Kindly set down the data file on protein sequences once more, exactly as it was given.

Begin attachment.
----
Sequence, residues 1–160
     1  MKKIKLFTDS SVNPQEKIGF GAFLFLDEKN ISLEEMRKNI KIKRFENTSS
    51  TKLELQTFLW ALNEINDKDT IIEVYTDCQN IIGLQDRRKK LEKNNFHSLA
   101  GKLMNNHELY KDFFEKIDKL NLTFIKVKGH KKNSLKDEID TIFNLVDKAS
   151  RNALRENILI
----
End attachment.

Sequence, residues 1–160
     1  MKKIKLFTDS SVNPQEKIGF GAFLFLDEKN ISLEEMRKNI KIKRFENTSS
    51  TKLELQTFLW ALNEINDKDT IIEVYTDCQN IIGLQDRRKK LEKNNFHSLA
   101  GKLMNNHELY KDFFEKIDKL NLTFIKVKGH KKNSLKDEID TIFNLVDKAS
   151  RNALRENILI